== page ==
Liverpool Uni vice-chancellor asks Palestine protestors for ‘respect’ during exam period

‘We are a city centre campus and it is exam time – respect for others is non-negotiable’

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In an statement released to staff members and students at the University of Liverpool last week, Professor Richard Black called for “respect, tolerance and compassion for others” from student demonstrators protesting against the Israeli occupation of Gaza during the Semester Two exam period.

Last week, student protests in the Brett Building and Sydney Jones library foyer saw a group of Pro-Palestine demonstrators blocking both the entrance to both areas in an attempt to speak to vice chancellor Tim Jones, and secure negotiations with UoL’s senior management team.

Following this, Professor Black’s statement addressed he “unimaginable suffering” of Palestinians inhabiting the country during the conflict, expressing his own feeling of “utter horror” at the events currently unfolding in the West Asian region.

The statement continues to emphasise that “respect for others is non-negotiable” during exam season, as their main priority is “to foster a welcoming and inclusive culture on campus,”.

This comes following the occupation of the Sydney Jones library last Wednesday, in which video footage showed a group of demonstrators holding banners and Palestinian flags being denied access to the Brett Building. They were later moved by security into the library foyer, where further disruption was caused to students who were studying for their final examinations of the semester.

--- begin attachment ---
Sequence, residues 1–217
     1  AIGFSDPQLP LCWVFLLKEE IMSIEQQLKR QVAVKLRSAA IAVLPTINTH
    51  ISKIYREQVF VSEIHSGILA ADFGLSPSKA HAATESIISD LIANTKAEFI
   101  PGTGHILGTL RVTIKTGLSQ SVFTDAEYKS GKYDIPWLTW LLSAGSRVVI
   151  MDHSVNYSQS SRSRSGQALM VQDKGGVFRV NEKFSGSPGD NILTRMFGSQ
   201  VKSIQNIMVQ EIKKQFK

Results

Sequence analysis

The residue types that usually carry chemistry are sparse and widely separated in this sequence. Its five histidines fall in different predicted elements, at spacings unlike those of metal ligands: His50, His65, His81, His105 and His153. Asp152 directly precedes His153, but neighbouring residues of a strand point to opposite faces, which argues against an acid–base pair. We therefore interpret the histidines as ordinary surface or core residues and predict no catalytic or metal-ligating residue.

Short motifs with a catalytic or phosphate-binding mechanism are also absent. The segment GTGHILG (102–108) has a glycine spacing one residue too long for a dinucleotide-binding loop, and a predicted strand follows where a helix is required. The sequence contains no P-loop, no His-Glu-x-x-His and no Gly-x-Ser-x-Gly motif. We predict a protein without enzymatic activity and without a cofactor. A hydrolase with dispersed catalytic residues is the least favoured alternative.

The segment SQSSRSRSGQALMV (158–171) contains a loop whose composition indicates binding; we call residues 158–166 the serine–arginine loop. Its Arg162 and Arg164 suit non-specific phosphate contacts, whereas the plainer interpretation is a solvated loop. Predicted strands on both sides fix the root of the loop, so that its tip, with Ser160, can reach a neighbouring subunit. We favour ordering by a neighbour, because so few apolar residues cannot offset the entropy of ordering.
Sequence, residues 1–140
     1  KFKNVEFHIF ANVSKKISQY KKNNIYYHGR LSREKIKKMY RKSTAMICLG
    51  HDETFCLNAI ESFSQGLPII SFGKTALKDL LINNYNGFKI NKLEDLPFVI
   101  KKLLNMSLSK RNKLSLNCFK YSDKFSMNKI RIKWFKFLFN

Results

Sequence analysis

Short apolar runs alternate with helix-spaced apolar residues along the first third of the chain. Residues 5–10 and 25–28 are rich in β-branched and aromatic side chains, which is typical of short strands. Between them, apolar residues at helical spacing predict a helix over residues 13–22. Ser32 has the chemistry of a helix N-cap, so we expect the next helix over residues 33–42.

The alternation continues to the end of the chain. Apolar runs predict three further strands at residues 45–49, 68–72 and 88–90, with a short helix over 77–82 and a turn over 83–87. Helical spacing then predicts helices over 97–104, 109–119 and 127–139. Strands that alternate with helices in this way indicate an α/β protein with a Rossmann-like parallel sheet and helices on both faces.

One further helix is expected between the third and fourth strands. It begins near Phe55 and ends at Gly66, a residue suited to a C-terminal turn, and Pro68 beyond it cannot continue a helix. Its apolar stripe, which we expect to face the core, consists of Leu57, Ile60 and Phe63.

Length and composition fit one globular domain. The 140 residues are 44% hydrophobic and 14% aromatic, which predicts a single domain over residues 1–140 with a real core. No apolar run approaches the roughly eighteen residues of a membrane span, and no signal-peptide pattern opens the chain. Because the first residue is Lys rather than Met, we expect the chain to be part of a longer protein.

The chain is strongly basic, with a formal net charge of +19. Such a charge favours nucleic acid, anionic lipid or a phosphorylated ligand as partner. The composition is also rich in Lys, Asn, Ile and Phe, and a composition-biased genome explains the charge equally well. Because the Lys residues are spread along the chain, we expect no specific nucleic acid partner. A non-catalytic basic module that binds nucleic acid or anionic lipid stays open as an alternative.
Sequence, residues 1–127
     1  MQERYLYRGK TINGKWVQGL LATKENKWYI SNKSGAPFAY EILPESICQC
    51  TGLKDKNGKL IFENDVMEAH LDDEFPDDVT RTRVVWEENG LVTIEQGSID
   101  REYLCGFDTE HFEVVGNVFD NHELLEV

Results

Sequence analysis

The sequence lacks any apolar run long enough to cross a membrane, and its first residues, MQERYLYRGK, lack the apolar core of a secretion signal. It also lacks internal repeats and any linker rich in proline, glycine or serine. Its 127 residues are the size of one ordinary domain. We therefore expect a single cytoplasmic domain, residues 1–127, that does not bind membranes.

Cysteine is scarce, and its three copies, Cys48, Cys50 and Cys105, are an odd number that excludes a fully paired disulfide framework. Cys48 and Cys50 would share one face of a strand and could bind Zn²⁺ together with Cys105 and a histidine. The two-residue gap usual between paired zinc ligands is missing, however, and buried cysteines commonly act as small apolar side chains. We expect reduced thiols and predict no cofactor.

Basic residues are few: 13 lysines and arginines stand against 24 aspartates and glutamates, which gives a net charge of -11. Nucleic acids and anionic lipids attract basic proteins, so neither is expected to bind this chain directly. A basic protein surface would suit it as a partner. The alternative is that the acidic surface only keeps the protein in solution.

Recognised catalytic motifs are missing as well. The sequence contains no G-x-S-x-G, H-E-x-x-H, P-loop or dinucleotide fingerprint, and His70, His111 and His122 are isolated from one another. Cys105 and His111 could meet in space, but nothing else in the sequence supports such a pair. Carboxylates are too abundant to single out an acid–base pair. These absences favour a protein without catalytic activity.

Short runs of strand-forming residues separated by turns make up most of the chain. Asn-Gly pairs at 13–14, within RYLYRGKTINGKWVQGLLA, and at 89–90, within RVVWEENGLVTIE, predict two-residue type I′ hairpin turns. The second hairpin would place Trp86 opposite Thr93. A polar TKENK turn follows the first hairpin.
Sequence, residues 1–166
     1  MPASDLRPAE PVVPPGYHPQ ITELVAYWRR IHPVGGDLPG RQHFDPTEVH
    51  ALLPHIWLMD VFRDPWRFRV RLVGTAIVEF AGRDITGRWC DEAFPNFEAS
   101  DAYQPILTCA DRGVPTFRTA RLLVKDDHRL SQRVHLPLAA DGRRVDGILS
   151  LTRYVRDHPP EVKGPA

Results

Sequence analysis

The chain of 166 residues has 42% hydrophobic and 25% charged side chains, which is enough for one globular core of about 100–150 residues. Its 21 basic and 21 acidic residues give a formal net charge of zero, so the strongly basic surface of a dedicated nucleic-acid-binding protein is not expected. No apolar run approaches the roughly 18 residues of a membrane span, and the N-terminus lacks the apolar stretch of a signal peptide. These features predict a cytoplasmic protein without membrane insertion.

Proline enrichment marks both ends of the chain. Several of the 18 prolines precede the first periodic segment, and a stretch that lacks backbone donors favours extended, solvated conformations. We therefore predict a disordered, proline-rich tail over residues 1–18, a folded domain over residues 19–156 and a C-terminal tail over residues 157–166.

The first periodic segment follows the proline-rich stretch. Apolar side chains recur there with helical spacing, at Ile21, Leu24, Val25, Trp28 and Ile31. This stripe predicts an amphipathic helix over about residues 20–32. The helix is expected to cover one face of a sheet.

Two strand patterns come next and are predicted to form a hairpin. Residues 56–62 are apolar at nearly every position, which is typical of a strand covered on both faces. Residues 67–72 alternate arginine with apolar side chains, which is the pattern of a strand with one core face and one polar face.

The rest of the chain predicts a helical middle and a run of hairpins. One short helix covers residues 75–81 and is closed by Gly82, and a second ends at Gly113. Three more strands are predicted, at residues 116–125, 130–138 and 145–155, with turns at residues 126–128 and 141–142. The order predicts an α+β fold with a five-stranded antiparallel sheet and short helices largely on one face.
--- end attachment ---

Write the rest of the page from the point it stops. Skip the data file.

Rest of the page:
The deputy vice chancellor called for “respect, courtesy and mutual understanding” at an important period of the academic year, asking students to reconsider their behaviour during exam season. The email read: “We are a city centre campus and it is exam time – respect for others is non-negotiable.”.

This encampment in solidarity with Palestine, and in direct protest of the university’s economic stance amid the situation in Gaza is not the first to be erected on campus grounds across the UK. Similar encampment situations have taken place in Cambridge, York, Lancaster, Oxford, and Newcastle – as well as other surrounding university cities.

Embedded within his praise of the “largely peaceful response” received by fellow staff members and students, the deputy vice chancellor also addressed some “concerning incidents” of the misuse of free speech on campus. This comes after footage of a Liverpool student purposefully waking up protestors at the encampment whilst playing Rule! Britannia on a speaker was shared online.

Outlining the means of support to refugees and scholars in Gaza, the statement explains how the institution currently offers undergraduate and postgraduate scholarships, as well as being a member of CARA (the Council for At-Risk Academics). Professor Richard continued to explain that the organisation is “exploring Palestine-specific scholarships and partnerships” to aid those in conflict-affected areas, and that “refugee and asylum seeker students can also receive bespoke advice and guidance through our disrupted education programme,”.

The Ethical Investment Policy of 2018 is also addressed in Richard Black’s pronouncement, assuring students that an annual review of the scheme results in UoL “investing funds on a socially responsible basis with due regard to environmental, social and governance issues,” with student committees in mind.

Featured image via Instagram @lvrpool_enc

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